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Sustainable sanitation: behaviour change

The MDG target for sanitation was to halve the proportion of people without access to adequate sanitation by 2015. However, progress has been too slow, and unless the pace of change in the sanitation sector can be accelerated, the MDG target may not be reached until 2026. Every year, 2.2 million people (mostly children younger than 5) still die due to sanitation-related diseases and poor hygienic conditions.

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Sustainable sanitation

For GWI, improved hygiene behaviours mean:

  • Everyone washes their hands with soap (or ash) and water after defecating and before touching food.
  • There is no defecation in the open.
  • Infant faeces are disposed of safely.

Learn more about why these behaviours are important

Our sustainable sanitation project initially focussed on implementing ‘demonstration latrines’ in rural areas, where the culture of open defecation (OD) and non-hygienic disposal of children’s faeces was widespread. However, demonstration latrines built in 2009 and 2010 proved ineffective in terms of cost, sustainability and replication. We therefore stopped constructing demonstration latrines in June 2010, took stock of how to address sanitation and our critical review led us to adopt an alternative approach: Community Led Total Sanitation (CLTS).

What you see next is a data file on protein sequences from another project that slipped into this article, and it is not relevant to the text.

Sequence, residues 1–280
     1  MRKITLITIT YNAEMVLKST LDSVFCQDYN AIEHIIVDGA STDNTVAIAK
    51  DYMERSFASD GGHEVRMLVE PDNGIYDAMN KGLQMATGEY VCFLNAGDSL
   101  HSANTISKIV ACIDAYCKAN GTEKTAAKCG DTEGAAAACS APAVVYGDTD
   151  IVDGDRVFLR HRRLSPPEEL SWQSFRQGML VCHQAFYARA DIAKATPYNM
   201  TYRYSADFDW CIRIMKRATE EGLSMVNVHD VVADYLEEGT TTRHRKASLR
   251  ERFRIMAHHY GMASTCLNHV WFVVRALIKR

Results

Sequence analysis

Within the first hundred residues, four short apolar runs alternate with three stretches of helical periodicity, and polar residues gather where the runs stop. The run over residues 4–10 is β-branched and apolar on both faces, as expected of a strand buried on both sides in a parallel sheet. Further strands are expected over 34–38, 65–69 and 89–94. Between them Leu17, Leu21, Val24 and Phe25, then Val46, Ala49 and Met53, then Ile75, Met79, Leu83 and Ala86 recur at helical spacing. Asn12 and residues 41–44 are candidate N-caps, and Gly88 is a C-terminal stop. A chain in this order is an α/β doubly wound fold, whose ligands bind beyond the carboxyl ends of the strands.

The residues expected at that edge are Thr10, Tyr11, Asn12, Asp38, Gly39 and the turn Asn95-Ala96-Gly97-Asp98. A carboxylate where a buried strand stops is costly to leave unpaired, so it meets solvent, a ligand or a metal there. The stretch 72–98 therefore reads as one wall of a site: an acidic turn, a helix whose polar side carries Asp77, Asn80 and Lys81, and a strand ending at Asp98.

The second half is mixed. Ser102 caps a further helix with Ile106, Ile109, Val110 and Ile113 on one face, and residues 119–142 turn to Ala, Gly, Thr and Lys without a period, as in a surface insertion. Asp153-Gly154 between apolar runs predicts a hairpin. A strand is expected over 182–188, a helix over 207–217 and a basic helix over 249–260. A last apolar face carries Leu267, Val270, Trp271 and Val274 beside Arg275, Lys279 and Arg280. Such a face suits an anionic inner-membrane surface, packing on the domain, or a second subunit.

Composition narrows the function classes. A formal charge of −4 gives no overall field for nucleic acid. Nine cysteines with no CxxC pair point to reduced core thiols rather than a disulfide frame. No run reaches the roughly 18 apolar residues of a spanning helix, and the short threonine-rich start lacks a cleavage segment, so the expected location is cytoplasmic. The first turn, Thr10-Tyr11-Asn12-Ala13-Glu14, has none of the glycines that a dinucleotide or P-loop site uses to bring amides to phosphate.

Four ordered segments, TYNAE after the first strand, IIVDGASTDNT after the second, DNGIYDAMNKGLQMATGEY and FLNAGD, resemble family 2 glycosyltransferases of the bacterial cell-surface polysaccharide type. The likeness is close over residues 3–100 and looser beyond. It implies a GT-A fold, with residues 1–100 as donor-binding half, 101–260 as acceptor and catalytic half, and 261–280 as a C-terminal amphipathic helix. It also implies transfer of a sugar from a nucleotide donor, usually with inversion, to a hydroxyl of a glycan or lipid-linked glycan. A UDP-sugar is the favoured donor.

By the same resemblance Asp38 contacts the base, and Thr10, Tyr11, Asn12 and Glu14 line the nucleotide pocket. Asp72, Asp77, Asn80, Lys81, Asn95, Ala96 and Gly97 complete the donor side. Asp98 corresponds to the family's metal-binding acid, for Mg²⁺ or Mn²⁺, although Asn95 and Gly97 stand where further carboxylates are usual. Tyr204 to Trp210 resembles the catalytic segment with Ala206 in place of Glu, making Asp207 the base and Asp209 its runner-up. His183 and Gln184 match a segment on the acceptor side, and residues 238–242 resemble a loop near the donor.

Sustainable self-constructed latrines

We want to help people stop open defecation forever. When people are convinced of the benefits of this approach, they will build their own latrines, using traditional designs. In some cases these are known to collapse, causing unease about the safety of the technology. We therefore developed and promoted an illustrated guide and a participatory method to provide technical assistance for the design, self-construction, operation and hygienic maintenance of affordable and safe household latrines. In this section you will find technical tools that illustrate the key features of our work on sustainable sanitation.

Community Led Total Sanitation (CLTS)

CLTS is a means of mobilising communities to eliminate open defecation, by training them to conduct their own appraisal of their local sanitation circumstances. We learned that merely constructing toilets for people does not necessarily result in improved hygiene. We used a participatory learning approach involving health workers, community volunteers, teachers and the media to train people in sanitation, thereby enabling communities to take responsibility, initiative and action. In this section you will find project reports and technical tools demonstrating our work on CLTS.

CLTS has already encouraged millions of people to look at, talk about and tackle the problems caused by open defecation. “Tales of Shit: Community-Led Total Sanitation in Africa”, a bilingual DVD of Participatory Learning and Action, draws on this growing body of experience with CLTS.